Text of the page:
3. Be cognizant of language describing the purpose of ESG measures and the timeline for implementation of ESG goals. Throughout its pages, an ESG report will, in various ways, address the connection between the ESG measures described in the report and the impact on value for stakeholders – this relationship must be articulated carefully and should be consistent across the report. Statements closely tying representations about ESG to financial performance may heighten litigation risks if those representations are later considered misleading. In addition, to the extent forward-looking ESG goals are presented, any timelines for implementation should be realistic and caveated appropriately. Special attention should be paid to this issue when it comes to letters composed by members of management or the board that are included in the report.
4. Refrain from employing the concept of materiality. Given the SEC’s stated intention to revise its guidance regarding what may be considered material with respect to climate-related disclosure, companies should refrain from using the word “materiality” in their ESG reports so that the term is not conflated with materiality as defined by the SEC. Alternatives include referring to “priority,” “significant,” or “relevant” ESG factors.
5. ESG report or website? Certain companies have opted to provide their sustainability disclosures on internal website pages as opposed to within a separate published report. While this approach enables a company to update the material more easily and avoid some of the costs associated with preparing a stand-alone report, it’s also possible that it may be more difficult for proxy advisors, ESG ratings organizations, investors and others to quickly find relevant information and, more importantly, it may work against the company’s efforts to ensure consistent disclosure controls and procedures are applied with respect to ESG disclosure.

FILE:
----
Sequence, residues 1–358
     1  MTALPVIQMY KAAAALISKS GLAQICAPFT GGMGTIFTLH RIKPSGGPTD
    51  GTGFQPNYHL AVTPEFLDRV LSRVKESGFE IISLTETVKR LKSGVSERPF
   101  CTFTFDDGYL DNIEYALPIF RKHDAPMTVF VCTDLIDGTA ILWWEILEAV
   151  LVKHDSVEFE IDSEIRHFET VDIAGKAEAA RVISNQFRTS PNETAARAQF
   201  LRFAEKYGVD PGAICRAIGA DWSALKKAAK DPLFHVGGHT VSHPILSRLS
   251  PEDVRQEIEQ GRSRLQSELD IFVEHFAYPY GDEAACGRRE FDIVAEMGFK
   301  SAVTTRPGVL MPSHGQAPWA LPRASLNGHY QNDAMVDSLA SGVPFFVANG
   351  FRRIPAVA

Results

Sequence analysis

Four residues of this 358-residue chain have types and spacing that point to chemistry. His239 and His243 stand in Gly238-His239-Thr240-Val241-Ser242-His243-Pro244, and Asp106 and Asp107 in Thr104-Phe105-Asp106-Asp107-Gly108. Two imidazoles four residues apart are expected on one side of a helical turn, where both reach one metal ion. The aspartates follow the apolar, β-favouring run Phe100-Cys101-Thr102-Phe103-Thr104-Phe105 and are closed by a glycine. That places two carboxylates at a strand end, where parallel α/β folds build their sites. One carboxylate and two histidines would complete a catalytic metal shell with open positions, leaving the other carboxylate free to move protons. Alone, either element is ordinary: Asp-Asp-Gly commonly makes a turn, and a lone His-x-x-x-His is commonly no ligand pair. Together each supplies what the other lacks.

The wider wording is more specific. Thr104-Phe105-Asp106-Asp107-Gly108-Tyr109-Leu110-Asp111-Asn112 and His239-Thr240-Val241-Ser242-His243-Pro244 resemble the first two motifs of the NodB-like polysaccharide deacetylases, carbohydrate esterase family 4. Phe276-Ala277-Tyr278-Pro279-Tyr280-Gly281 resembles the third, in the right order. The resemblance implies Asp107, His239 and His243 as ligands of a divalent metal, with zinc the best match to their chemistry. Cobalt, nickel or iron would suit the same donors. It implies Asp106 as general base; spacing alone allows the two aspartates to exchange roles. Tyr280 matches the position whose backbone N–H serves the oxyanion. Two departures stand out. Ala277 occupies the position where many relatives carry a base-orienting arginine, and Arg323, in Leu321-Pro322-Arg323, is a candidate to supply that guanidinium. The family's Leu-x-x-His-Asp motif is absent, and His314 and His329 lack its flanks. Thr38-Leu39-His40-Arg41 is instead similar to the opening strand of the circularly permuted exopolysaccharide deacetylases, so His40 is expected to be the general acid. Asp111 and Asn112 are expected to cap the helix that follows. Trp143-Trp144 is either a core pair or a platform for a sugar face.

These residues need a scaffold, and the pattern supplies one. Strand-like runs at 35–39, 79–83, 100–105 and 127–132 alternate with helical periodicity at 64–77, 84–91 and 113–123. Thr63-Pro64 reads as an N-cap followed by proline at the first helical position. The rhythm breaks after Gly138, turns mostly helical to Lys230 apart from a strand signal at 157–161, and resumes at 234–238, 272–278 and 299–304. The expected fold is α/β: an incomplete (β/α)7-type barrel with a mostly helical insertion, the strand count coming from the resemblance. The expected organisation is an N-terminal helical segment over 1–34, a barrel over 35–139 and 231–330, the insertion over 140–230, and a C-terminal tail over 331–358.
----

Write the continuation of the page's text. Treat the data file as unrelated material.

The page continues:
6. Leverage your lawyer. Legal counsel can advise the company on governance, board fiduciary duties and director liability, and litigation risks associated with ESG programs and disclosures. Any communications with legal counsel may be privileged. Company counsel should be involved in a targeted fashion at key points in the process – most importantly at the outline stage, after an initial draft has been put together by the company/its consultant(s), and before the report is finalized.
7. Should we hire a consultant? There are many different types of firms that offer ESG reporting services, including traditional management consultancies, ESG-specific management consultancies, communications firms and engineering firms. Each brings a unique perspective and set of skills. A company should identify the resources it has internally and through its existing advisors and consider hiring a consultant to extent there are any gaps in its capabilities, and the company should select the type of consultant based on the consultant’s skill set and the nature of the identified gap(s).
Companies are under increasing pressure to publicly disclose a broad and detailed set of information regarding their ESG practices. Such information is used by institutional investors in their investment decisions by all major proxy advisors in developing their reports for shareholders (and may guide voting recommendations), and may also be used by potential and current commercial partners, consumers and employees. Given the potential opportunities and risks, companies preparing an ESG report for the first time should exercise great care in determining content and drafting language, and companies that have publishing reports for some time should reexamine their disclosures in the light of recent developments.
– Lynn Jokela